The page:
St. Ignatius of Antioch Episcopal Church
Backstory and Context
In the late 1800s, many Episcopal Churches were becoming increasingly divided over Catholic elements within the church. The Anglo-Catholic movement emerged among Episcopalians who wanted to maintain the church's historic ties to Catholicism. Rev. Dr. Ferdinand C. Ewer, rector of Christ Church, left his church in 1871 after increasingly rancorous debates over his position.
Ewer founded a new denomination, named for St. Ignatius of Antioch, in 1871. The new congregation originally met in the former Holy Light Church, a parish for the blind. They later rented and then purchased the former St. Paul's Dutch Reformed Church near what is now Bryant Square.
As the congregation grew, it became necessary to have a larger church. A parcel at the church's current location was purchased and noted architect Charles Coolidge Haight was hired to design the new building. Haight was well-known for his work on collegiate and ecclesiastical buildings in New York City and the surrounding area.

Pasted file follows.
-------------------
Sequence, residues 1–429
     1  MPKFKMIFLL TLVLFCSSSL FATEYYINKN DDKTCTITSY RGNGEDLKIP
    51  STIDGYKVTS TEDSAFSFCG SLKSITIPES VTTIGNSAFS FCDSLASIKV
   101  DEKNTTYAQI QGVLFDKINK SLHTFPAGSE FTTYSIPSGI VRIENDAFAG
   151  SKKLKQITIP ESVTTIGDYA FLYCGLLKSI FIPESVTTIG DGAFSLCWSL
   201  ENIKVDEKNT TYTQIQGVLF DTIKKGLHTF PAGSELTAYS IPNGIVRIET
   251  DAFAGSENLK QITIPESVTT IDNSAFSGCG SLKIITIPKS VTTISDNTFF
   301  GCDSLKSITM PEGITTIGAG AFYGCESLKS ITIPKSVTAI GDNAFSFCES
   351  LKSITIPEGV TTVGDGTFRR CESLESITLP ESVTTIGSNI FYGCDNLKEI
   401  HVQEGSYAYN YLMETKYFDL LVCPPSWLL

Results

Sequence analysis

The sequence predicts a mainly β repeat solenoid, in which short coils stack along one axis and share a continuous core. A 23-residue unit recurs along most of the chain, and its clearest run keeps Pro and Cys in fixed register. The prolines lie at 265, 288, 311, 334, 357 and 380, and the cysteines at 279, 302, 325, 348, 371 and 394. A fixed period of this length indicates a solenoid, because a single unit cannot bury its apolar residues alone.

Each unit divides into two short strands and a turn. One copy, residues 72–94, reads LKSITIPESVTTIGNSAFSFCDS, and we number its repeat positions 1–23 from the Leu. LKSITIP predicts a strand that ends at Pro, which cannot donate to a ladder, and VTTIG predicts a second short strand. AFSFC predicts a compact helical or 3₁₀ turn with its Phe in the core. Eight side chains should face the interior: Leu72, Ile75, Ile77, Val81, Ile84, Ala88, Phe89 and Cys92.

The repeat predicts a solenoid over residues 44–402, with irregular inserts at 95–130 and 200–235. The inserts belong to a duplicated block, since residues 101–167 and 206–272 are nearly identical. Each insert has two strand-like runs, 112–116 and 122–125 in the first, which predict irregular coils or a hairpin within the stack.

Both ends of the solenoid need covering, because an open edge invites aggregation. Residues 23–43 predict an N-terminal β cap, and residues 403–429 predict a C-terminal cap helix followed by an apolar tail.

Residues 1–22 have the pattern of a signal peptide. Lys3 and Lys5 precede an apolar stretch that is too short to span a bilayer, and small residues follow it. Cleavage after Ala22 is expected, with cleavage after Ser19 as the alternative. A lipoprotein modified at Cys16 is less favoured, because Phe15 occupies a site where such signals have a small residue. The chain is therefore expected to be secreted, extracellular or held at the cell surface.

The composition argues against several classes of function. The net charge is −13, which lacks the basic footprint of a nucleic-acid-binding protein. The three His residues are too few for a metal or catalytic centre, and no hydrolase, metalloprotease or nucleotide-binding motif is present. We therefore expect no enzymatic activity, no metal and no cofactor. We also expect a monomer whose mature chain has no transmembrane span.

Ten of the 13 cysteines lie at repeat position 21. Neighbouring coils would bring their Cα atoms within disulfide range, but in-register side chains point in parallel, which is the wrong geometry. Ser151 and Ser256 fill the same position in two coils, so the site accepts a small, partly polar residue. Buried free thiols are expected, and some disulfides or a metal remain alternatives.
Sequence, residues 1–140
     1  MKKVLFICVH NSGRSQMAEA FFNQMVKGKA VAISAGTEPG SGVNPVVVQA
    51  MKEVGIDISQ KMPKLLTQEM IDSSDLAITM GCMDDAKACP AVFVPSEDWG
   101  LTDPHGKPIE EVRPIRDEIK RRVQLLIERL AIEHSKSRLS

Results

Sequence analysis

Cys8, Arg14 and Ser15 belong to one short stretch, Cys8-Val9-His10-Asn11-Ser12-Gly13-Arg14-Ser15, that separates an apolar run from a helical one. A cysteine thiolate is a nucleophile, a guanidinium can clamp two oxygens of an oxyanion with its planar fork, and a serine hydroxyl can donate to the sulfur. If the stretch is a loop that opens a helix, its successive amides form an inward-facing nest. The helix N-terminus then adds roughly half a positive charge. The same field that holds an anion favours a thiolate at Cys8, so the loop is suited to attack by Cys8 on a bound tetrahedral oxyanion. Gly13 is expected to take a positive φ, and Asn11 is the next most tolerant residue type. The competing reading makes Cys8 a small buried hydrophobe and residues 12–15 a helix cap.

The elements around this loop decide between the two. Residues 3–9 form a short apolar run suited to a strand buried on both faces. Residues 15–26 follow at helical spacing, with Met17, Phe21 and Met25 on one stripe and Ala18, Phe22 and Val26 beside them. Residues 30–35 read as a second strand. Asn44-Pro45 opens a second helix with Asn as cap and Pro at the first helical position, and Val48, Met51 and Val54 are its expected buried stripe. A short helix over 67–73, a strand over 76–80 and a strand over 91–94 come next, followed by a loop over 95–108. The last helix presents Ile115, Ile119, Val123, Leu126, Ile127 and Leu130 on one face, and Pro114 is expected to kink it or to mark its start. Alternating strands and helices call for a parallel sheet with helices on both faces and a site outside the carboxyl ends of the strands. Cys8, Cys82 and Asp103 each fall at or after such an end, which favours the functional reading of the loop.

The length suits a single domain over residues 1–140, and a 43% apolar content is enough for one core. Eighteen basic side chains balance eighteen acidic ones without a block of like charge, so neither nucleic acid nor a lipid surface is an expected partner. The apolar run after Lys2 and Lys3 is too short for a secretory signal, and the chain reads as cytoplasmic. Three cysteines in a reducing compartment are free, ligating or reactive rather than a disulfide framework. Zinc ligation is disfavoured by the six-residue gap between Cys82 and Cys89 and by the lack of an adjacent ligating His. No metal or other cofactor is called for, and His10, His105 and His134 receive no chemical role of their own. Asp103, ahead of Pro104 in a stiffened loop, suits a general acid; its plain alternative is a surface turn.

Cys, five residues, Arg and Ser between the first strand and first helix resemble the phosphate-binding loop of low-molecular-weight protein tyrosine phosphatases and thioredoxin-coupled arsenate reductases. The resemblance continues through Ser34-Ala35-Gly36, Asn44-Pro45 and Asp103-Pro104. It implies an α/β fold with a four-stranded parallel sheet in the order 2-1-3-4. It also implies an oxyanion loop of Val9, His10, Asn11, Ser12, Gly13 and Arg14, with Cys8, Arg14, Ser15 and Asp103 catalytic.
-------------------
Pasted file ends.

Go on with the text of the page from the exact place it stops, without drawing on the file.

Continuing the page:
The first services were held in the crypt of the new church, and in October of 1902, when the building was completed, the congregation began holding services upstairs in the sanctuary. It was built in the English Gothic style and is acclaimed for its stained glass. Another significant feature of the church is its organ, which was built in 1966 by Casavant Freres. The organ was damaged by a leaking water tank and underwent a thorough restoration in 2010-2011. In 1999, the church was added to the National Register of Historic Places.
. Church of St. Ignatius of Antioch, nycago.org. Accessed October 6th 2019. http://www.nycago.org/Organs/NYC/html/StIgnatiusAntioch.html.
. About Us, stignatiusnyc.org. Accessed October 6th 2019. http://www.saintignatiusnyc.org/About_Us.html.